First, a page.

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This book presents a systematic literature review of 156 published papers on business model innovation (BMI). The aim is to identify and integrate the different theoretical perspectives, analytical levels, and empirical contexts in order to deepen understanding of this complex phenomenon. The authors conduct an inductive thematic analysis based on an informal ontological classification that identifies 56 key themes. Within each theme, discussion focuses on thematic patterns, potential inconsistencies and debates, and future directions and opportunities for research. The book makes a number of significant contributions to the field. First, it offers a deeper understanding of the evolution of research on BMI through an ontological map that identifies the key thematic areas in the literature. Second, a multilevel model is developed that clarifies the concept of BMI by identifying its drivers, contingencies, and outcomes. Third, the authors identify clear and specific directions for further research and offer suggestions on research design, creating an informative road map for the future. The book will be of value both to scholars and researchers and to practitioners.



Chapter 1. Systematic Literature Review

The first chapter of this book introduces the importance of studying business model innovation (BMI), the methodology we applied to study the subject, and specific statistics about the literature published in academic and practice-oriented journals in the last 15 years. Specifically, this chapter offers an overview of the processes followed for our systematic literature review (SLR) and the rigorous protocol that includes the three-stage procedure (i.e., planning, execution, and reporting) suggested by Tranfield et al. (Br J Manag 14:207–222, 2003). Gathering the most influential pieces on SLRs, this chapter also offers some hints for conducting a successful SLR and illustrates the benefits associated with doing so. In addition, this chapter describes the thematic and the informal ontological classification we adopted to analyze the 156 papers included in our systematic literature review. Thus, the first section of this chapter defines what is meant by an SLR. The second section offers an overview of the tasks of an SLR. The other sections present the process followed for the thematic and ontological analyses that are central to this work. The final section provides some statistics on the 156 papers included in our SLR, underlining specific information about the journals that published the articles, the methodological approaches applied in the papers, the industries included in the studies, the geographical contexts, and the disciplines that contributed to the understanding of BMI.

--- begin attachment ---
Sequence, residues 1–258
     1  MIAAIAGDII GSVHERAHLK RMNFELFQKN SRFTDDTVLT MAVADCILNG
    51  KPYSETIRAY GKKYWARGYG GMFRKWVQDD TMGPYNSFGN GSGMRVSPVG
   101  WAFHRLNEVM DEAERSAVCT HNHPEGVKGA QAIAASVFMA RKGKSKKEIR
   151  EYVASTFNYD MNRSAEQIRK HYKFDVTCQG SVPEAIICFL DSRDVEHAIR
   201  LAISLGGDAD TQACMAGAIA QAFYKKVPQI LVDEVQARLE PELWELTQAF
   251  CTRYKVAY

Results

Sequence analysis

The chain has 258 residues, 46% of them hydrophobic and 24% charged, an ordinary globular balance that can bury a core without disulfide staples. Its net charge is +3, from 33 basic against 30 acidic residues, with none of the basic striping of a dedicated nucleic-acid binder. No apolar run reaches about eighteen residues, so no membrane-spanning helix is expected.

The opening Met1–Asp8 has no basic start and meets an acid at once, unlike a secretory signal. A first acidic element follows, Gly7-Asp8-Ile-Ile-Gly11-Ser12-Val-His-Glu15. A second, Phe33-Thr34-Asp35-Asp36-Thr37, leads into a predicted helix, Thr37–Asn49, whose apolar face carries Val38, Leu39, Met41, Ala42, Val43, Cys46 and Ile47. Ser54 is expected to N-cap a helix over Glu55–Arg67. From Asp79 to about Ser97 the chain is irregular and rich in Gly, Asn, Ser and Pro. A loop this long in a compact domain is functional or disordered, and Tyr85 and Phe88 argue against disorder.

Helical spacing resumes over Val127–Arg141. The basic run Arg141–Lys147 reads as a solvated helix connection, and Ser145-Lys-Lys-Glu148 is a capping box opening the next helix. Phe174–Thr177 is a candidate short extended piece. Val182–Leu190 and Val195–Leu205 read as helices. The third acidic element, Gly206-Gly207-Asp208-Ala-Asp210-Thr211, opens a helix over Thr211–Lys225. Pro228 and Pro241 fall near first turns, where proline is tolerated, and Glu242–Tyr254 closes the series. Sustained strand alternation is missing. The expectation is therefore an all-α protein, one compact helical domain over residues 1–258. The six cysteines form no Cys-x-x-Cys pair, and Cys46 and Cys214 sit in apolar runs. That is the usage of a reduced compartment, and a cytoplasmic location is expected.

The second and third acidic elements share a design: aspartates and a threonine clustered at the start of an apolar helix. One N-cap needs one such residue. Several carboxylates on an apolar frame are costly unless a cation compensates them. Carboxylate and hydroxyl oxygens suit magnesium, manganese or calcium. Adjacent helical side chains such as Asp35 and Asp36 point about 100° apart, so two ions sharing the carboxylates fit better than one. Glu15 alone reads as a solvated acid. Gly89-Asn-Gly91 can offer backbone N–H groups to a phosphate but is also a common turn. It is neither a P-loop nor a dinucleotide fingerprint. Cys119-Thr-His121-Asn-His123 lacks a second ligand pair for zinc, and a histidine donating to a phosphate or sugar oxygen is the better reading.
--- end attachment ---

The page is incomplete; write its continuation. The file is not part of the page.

Daniela Andreini, Cristina Bettinelli

Chapter 2. Business Model Definition and Boundaries